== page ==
You can read more about this overall in the link below:

      https://support.apple.com/guide/iphone/track-headphone-environmental-sound-level-iph1df080ecc/ios

      These are the headphones I used for this test:

      https://www.apple.com/shop/product/MMTN2AM/A/earpods-with-lightning-connector
       
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    2. SallyM

      SallyM Member Podcast Patron Benefactor

      Tinnitus Since:
      July 2019
      Cause of Tinnitus:
      Unknown
      Thank you for this very useful guide.
       
    3. Flet
      Worried

      Flet Member

      Location:
      Canada
      Tinnitus Since:
      1996
      Cause of Tinnitus:
      Unknown
      @Jack Straw, I was wondering if you have any further updates with your experience with the earbuds and how well it works at cutting down the sound. I expect to receive a Beats Studio Sound earbuds this evening (it works within Apple ecosystem). I have done what you mentioned above already but with my non Apple brand earbuds, it did not cut down the dB. I could still measure, with a decibel meter as you described above, at up to 95 dB even when I set it to 75 dB max. I will update when I test the Beats earbuds.

      Also, when you say LOW volume, what kind of dB are you aiming for?
       
    4. AUTHOR
      AUTHOR
      Jack Straw
      Balanced

      Jack Straw Member Podcast Patron Benefactor Ambassador Hall of Fame Advocate

      Location:
      US
      Tinnitus Since:
      1990s
      Cause of Tinnitus:
      Infection, Acoustic Trauma
      This application only works for Apple headphones and products. Low volume is around like 50-60 dB imo.
       
    5. Flet
      Worried

      Flet Member

      Location:
      Canada
      Tinnitus Since:
      1996
      Cause of Tinnitus:
      Unknown
      Maybe a silly question, but if you are listening to music with earbuds between 50-60 dB, do you still hear your tinnitus? Because I sure do.
       
    6. Michael Leigh

      Michael Leigh Member Benefactor Hall of Fame

      Location:
      Brighton, UK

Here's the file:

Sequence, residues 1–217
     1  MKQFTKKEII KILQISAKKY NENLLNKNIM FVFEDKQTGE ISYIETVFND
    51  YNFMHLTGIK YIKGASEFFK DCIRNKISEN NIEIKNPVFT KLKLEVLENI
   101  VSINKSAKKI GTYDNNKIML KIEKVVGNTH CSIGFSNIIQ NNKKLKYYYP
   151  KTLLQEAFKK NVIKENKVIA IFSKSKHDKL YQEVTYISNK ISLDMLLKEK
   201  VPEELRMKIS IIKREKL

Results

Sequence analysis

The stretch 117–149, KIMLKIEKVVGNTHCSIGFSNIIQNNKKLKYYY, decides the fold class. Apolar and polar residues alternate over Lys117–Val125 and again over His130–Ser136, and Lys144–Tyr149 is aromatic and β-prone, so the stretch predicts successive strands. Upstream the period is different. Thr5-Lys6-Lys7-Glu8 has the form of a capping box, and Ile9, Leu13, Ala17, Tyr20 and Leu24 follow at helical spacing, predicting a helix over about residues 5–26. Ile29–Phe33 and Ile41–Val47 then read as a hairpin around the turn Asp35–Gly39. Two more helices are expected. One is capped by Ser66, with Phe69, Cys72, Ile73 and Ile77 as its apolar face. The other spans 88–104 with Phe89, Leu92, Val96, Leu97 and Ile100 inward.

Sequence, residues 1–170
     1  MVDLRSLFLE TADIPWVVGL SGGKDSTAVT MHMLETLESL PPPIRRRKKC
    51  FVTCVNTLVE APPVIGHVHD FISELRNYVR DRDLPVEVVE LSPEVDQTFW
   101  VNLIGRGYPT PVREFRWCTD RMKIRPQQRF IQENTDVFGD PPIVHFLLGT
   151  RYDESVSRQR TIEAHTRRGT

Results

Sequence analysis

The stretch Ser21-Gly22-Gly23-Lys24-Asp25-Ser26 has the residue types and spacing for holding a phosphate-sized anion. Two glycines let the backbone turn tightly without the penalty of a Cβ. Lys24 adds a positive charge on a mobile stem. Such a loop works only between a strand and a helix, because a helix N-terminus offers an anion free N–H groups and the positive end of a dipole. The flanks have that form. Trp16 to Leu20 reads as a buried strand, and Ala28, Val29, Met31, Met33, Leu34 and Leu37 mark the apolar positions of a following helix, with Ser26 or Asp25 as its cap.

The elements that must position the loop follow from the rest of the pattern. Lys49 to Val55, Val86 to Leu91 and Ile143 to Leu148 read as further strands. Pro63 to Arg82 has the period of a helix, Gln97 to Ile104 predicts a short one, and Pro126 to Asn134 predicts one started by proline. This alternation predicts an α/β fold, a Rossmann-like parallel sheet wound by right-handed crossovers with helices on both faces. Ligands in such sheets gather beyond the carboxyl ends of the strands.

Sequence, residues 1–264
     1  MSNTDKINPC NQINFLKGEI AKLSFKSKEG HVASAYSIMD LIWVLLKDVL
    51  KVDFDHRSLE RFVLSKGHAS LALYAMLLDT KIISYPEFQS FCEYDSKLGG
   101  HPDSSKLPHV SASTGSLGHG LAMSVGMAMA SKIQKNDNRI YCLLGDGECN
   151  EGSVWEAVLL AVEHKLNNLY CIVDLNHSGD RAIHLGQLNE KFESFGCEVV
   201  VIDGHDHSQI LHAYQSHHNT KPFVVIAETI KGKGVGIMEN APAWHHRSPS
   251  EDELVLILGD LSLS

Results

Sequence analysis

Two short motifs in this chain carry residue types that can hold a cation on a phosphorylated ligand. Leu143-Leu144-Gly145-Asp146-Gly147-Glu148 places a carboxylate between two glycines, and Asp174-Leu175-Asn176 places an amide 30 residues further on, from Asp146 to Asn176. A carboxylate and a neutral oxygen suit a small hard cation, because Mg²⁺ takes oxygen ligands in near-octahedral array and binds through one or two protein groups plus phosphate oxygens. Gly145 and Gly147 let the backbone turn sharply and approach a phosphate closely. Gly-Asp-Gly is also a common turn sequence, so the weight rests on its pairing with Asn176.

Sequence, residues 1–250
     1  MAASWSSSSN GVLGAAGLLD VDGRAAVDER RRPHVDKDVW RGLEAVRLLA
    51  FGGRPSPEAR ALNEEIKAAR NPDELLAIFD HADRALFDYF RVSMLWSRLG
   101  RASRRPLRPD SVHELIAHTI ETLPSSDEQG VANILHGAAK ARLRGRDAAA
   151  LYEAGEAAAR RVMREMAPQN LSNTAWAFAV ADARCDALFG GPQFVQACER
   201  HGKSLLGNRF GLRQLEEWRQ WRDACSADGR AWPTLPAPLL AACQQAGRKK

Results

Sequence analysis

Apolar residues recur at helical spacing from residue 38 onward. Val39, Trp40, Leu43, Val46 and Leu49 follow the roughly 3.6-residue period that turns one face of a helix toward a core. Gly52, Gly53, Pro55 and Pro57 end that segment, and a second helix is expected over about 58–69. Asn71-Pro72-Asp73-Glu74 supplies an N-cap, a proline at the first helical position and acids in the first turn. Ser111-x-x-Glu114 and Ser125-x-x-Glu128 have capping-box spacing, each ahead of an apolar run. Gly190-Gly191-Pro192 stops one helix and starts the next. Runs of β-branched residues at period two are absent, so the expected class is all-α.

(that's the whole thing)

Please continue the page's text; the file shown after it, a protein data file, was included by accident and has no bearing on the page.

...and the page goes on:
Tinnitus Since:
      April /1996
      Cause of Tinnitus:
      Noise induced
      You may not hear the tinnitus because the music is masking it. However, if your tinnitus was noise induced, my advice is not to use any type of headphones even at low volume, as you risk making the tinnitus worse. On your profile it reads cause of tinnitus unknown. Although tinnitus can appear for no reason something usually causes it. The most common is exposure to loud noise. Please be careful as you could make your tinnitus worse using: headphones, earbuds, headsets or AirPods.

      I wish you well.
      Michael
       
    7. GregCA
      Jaded

      GregCA Member Benefactor Hall of Fame

      Tinnitus Since:
      03/2016
      Cause of Tinnitus:
      Otosclerosis
      I do too.

      The point for me isn't to mask my tinnitus at all costs: I've already established with an audiologist that it would require a masking volume too high to be safe. My goal is to be able to listen to (and make) music at a level that I feel is safe.
       
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    8. Flet
      Worried

      Flet Member

      Location:
      Canada
      Tinnitus Since:
      1996
      Cause of Tinnitus:
      Unknown
      This is an important part of this thread in particular.

      @Jack Straw, do you still hear your tinnitus when playing music on AirPods between 50-60 dB? I know I do with my new Beats (works with Apple as it's Apple branded). It is comforting to know that I can "see" what level the music is at.

      I too have tested the earbuds with a dedicated decibel meter to do what you did.
      Of course, now my Health App says my average is WAY too high, but that was because of the testing, the earbuds were not in my ears as I played with the volumes.
       
    9. AUTHOR
      AUTHOR
      Jack Straw
      Balanced

      Jack Straw Member Podcast Patron Benefactor Ambassador Hall of Fame Advocate

      Location:
      US
      Tinnitus Since:
      1990s
      Cause of Tinnitus:
      Infection, Acoustic Trauma
      At the low volume I play it at, I can still hear it.